I saw this thread earlier today on Twitter and asked if I could publish it on the site in its full form. The thread is lengthy, well-articulated, and can stand on its own merits. I plan on writing another column soon with some additional thoughts regarding Jana Riess’s recent book, The Next Mormons. Without further adieu:
“Most of the mainline Protestant churches in North America are liberal. The Episcopalians, PCUSA, United Church, ELCA, and even the UMC have been ordaining women for decades, and all but UMC have normalized homosexuality and accepted same-sex ‘marriage.’ Reform and Conservative Judaism too.
They’re also quite theologically liberal. It depends on the congregation, but it’s unlikely anyone at a mainline church is going to ask you, or care if you believe in the resurrection, or in the church’s authority, or even God.
But there’s a reason you never hear anything about these once-great churches: no one goes to them. Link: Washington Post
And the people who still go are old. Link: Pew Research
And white! People tell us *we’re* white, but for all our history, the Episcopalians, Presbyterians, Evangelical Lutherans, Unitarians, and United Methodists are all whiter than our U.S. membership, despite their pretentious racial justice campaigns. Link: Pew Research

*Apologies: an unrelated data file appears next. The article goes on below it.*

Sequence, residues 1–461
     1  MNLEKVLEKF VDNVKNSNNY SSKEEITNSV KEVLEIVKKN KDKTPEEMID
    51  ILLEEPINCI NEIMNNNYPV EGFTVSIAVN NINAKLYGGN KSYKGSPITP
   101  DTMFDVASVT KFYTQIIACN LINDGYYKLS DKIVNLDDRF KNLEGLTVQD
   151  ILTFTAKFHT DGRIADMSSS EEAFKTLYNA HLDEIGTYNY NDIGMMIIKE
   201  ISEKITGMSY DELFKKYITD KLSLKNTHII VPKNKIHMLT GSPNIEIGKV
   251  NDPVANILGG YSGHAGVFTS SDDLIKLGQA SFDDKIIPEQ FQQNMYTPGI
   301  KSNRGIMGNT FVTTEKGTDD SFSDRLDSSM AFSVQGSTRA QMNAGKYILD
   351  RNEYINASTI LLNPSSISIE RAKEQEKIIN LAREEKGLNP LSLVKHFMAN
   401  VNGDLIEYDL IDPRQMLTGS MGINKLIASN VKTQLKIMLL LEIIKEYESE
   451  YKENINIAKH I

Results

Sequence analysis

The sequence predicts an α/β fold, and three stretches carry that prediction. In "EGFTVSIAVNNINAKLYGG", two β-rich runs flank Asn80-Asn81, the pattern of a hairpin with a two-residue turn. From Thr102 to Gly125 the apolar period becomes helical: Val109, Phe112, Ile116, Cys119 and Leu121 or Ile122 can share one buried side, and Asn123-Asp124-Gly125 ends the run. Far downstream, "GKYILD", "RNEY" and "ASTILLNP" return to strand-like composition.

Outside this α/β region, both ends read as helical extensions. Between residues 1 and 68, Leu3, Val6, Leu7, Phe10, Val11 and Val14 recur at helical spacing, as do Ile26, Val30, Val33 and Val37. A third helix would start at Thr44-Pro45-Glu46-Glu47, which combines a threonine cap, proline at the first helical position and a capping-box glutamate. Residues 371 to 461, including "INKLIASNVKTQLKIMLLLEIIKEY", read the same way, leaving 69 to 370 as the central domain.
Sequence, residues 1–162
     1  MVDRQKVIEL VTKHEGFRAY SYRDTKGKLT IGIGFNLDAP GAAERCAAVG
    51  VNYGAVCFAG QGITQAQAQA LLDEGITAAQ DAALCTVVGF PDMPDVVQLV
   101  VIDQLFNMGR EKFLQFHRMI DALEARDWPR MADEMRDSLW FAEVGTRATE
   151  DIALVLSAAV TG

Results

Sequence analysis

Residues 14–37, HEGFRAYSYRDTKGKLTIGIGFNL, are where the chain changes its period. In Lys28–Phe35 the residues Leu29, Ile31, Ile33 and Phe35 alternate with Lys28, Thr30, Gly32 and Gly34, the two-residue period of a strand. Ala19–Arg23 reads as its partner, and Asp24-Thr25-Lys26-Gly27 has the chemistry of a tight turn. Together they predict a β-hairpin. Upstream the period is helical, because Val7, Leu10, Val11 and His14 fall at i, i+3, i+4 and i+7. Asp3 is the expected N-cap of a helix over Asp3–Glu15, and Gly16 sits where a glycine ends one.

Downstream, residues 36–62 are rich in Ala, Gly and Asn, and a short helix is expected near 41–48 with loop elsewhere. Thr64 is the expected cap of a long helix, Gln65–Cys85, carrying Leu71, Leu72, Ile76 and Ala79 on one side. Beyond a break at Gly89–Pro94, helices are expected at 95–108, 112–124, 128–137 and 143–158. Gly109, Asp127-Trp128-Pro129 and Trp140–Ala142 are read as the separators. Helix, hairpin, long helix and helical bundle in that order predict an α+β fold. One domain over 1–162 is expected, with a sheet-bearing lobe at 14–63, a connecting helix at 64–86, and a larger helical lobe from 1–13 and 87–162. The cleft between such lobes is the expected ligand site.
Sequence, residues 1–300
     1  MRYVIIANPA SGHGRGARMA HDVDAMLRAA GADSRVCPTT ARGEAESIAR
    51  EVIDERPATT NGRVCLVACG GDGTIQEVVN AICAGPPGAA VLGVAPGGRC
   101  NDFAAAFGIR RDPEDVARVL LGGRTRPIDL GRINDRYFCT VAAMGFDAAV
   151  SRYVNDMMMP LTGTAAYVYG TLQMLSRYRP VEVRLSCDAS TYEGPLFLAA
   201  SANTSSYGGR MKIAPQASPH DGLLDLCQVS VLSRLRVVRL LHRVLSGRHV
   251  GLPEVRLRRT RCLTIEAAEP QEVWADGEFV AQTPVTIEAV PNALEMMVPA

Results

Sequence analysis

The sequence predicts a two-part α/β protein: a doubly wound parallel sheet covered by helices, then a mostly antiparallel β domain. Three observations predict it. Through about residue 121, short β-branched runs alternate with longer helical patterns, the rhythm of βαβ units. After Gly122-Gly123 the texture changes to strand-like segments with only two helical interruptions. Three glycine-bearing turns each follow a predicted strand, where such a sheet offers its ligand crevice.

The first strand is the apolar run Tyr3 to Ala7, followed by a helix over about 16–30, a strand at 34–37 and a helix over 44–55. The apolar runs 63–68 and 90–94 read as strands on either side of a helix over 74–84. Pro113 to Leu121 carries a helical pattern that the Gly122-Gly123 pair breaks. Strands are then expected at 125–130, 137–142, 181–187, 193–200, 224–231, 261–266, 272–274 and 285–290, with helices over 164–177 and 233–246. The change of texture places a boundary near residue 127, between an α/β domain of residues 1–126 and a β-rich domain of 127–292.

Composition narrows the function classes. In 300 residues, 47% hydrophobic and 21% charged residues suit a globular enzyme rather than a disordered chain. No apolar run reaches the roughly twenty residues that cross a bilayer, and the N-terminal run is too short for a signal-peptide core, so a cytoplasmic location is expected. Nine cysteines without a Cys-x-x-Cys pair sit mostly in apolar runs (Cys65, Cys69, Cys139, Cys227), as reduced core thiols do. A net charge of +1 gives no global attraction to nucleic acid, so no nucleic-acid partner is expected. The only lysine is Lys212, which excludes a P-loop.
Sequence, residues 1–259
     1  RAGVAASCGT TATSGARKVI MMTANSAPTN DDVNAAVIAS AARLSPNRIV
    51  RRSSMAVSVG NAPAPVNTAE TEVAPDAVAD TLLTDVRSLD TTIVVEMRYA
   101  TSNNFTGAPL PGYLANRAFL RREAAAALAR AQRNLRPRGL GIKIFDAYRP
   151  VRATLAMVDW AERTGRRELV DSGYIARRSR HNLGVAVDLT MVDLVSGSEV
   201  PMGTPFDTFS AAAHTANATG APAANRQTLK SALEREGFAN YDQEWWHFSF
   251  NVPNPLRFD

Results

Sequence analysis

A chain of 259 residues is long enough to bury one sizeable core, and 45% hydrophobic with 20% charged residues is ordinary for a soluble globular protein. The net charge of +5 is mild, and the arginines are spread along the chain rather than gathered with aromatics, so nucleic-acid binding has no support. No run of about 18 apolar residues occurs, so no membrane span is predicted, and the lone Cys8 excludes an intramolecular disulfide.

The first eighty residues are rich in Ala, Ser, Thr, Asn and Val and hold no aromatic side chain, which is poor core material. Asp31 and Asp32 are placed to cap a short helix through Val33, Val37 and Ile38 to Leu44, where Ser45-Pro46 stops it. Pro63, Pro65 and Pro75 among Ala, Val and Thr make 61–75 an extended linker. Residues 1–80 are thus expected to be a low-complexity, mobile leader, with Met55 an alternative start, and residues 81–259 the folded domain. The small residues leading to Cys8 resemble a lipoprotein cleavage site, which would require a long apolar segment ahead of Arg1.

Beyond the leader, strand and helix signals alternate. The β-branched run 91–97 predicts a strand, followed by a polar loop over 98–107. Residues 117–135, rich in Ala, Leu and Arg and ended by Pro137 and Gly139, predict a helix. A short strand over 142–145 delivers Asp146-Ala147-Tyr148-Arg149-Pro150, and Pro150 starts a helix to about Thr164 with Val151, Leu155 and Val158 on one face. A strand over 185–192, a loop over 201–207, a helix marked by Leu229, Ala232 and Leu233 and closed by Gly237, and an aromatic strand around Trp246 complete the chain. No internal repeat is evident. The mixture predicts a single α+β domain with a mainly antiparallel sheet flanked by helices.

It’s conservative churches, like Pentecostal churches, some evangelical churches, Jehovah’s Witnesses, Orthodox churches, and yes, ours (we still have modest congregational growth, even in the United States) that are holding steady or growing.
The @janariess hypothesis that if we just became liberal we’d attract young people is completely wrong. Liberal young people leave even when churches try to conform to their views. They aren’t actually interested in liberal churches. If they were, they’d attend liberal churches. Rather, they just aren’t interested in traditional religion, because they can already get mainstream liberal theology from universities and media. The church deciding to mimic liberal institutions would do nothing to attract them.
What it *would* do is blow a huge hole in our theology, unraveling the entire understanding of sex. If the relationship of two men can be a marriage, then we cannot believe that kids deserve a mom and a dad, or speak coherently about a husband’s or wife’s distinct roles, or say much about the meaning and purpose of sex (maleness and femaleness) at all. It changes the whole underlying anthropology, our understanding of what humans are.
And indeed, members who accept same-sex marriage also tend to abandon church beliefs about porn, premarital virginity, abortion, and everything else sex- or body-related. After that, they abandon just about every other traditional belief too (funny how that works).
- “Defenders of the Family Proclamation” – Sister Bonnie L. Oscarson, April 2015
- “The Plan and the Proclamation” – Elder Dallin H. Oaks, October 2017
- “The Eye of Faith” – Elder Neil L. Andersen, April 2019
You can follow Dustin on Twitter at @eltornillo1232.